Midwest Transplant Network is a co-sponsor of the OneLegacy Donate Life Rose Parade® float, which will be featured in the 2024 Rose Parade®. The OneLegacy Donate Life float honors the memory of donor heroes from across the country, including Jayme Sue Louque of Olathe, Kansas, a 14-year-old organ, eye and tissue donor. The float features a floragraph portrait of Jayme Sue made of organic materials.
MTN chooses a staff member to travel with the donor family to the Rose Parade® and we want to take a moment to share the connection and invite you to watch the 2024 Rose Parade® on Jan. 1 at 8 a.m. PST/10 a.m. CST on ABC, NBC or Univision.
MTN Staff Spotlight…
Taylor Brookins, LCSW, Manager, Family Services
Taylor’s professional career as a medical social worker includes experience in hospice, in-patient palliative care, pediatric intensive care, and end-of-life care. She has a Master of Social Work from the University of Kansas and is a licensed clinical social worker. She joined Midwest Transplant Network in April 2021 as a Family Services Coordinator and transitioned to her current role in April 2022. Taylor will accompany Wendy and Bryan Louque and their family to the 2024 Rose Parade® in honor of their daughter, Jayme Sue, who became a donor hero at age 14.
Explain your job as if you’re talking to a stranger in Target.
“I’d explain what MTN does as a whole, and I’d say that I work with donor heroes and donor families, and we walk families through the process of organ and tissue transplantation.
“I usually explain that I used to go into different hospitals and worked directly with families, and now I’ve transitioned into a manager role, and I support Family Services Coordinators who work with donor families in the hospitals.”
Did you have any hesitation about accepting the opportunity to support the Louque family? Why or why not?
“No hesitation. I was really excited! It’s an honor and I’m thankful to get to go. I know how important this is for the family and it’s truly an honor.”
What’s your connection to the Louque family?
“The Louque family brought up donation very early on during Jayme Sue’s hospitalization. They’re a giving family. I was the Family Services Coordinator who met with the family and supported them during the donation process. That was November 2021. I couldn’t believe it’s been two years. It doesn’t feel like it.”
Tell us three things you’re looking forward to about the Rose Parade experience.
“Being around donor families at the Rose Parade; in the work we do, we see families on their worst day, and the parade is a way to see the families celebrating loved ones.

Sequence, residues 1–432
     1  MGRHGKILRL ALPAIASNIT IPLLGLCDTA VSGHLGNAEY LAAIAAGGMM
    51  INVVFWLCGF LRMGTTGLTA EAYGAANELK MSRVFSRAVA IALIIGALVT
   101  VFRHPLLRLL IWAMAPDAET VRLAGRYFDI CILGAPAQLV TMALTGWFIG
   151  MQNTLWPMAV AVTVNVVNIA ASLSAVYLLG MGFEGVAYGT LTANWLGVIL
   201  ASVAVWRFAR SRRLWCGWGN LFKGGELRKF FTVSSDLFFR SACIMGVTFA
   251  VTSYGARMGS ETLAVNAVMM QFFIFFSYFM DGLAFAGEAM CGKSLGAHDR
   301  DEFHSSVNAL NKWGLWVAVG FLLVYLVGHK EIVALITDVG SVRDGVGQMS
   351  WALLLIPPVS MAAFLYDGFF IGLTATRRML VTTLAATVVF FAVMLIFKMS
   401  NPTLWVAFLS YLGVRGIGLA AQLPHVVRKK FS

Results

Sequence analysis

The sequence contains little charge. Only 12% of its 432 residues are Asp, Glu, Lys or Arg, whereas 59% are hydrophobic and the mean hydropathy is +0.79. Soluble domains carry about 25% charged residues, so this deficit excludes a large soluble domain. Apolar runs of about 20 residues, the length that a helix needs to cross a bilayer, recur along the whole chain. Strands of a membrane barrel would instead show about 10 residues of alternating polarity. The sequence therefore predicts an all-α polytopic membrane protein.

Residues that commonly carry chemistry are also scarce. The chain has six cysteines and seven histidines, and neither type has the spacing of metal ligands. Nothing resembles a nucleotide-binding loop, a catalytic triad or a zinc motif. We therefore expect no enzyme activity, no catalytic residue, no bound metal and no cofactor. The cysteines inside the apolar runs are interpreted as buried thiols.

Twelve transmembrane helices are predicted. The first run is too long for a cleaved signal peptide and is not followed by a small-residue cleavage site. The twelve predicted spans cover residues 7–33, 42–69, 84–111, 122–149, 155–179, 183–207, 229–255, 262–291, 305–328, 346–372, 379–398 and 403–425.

“I’m looking forward to going with the family to decorate and put the finishing touches on the parade float, and mostly, I’m looking forward to being able to honor Jayme Sue and her family.
“The Louques are a very deserving donor family. They’re so passionate about donation because they’ve experienced it on both sides. Wendy is a living donor, and Bryan is a two-time kidney recipient – one from his wife, and from a deceased donor.”
What’s your favorite holiday memory?
“We always celebrated Christmas at my great grandma’s house in Wyoming, and she lived in a log home that my family actually built. It’s the epitome of a Christmas home. My great grandma and uncle decorated it every Christmas. It was super cozy, and my brother and cousins…we always spent that time together.
“My favorite memory is that my uncle dressed up as Santa Claus – we didn’t know it was him at the time – and they made the sound of reindeer hooves on the roof, and we could see Santa’s legs dangling in the window as he was getting ready to go to the chimney. The next morning, when we woke up, Santa had taken pictures of him drinking milk and eating cookies and left us notes…just such a special memory to know the lengths my family took to make Christmas special for us.”
What’s your favorite holiday side dish and your least favorite – as in you will not eat it?
“My favorite is definitely mashed potatoes, but I do mix corn with my mashed potatoes, so it’s like a dual side dish. The side dish I won’t eat is stuffing. I just don’t like stuffing. I never have and I never eat it.”
What’s your most memorable gift from when you were a kid?
“Oh my gosh…I can’t remember a gift, but I remember the feeling of being at my great grandma’s with my cousins. My family would make so much food, and my great grandma would make iced sugar cookies that were my favorite. And there would be so many desserts and pies…that’s what I remember.”
What’s your motivation to keep doing the work you do every day?
“When you’re a medical social worker, your motivation is to make a difference and to help people. In the roles I’ve had, there is not a lot of hope. But at MTN, everyone who works here makes a difference every day and saves lives. We get to witness family selflessness, and we get to offer hope on someone’s worst day. This is the best place to work and it’s an honor to do what we do.”
Is there anything you’d like to share that could offer a different perspective about organ donation?
“Something that I learned from Drew [Toler] is that donation doesn’t take away a family’s grief, but it provides peace and comfort on their grief journey. When someone is able to become a donor hero, they live on through others, and that can be comforting to a family.”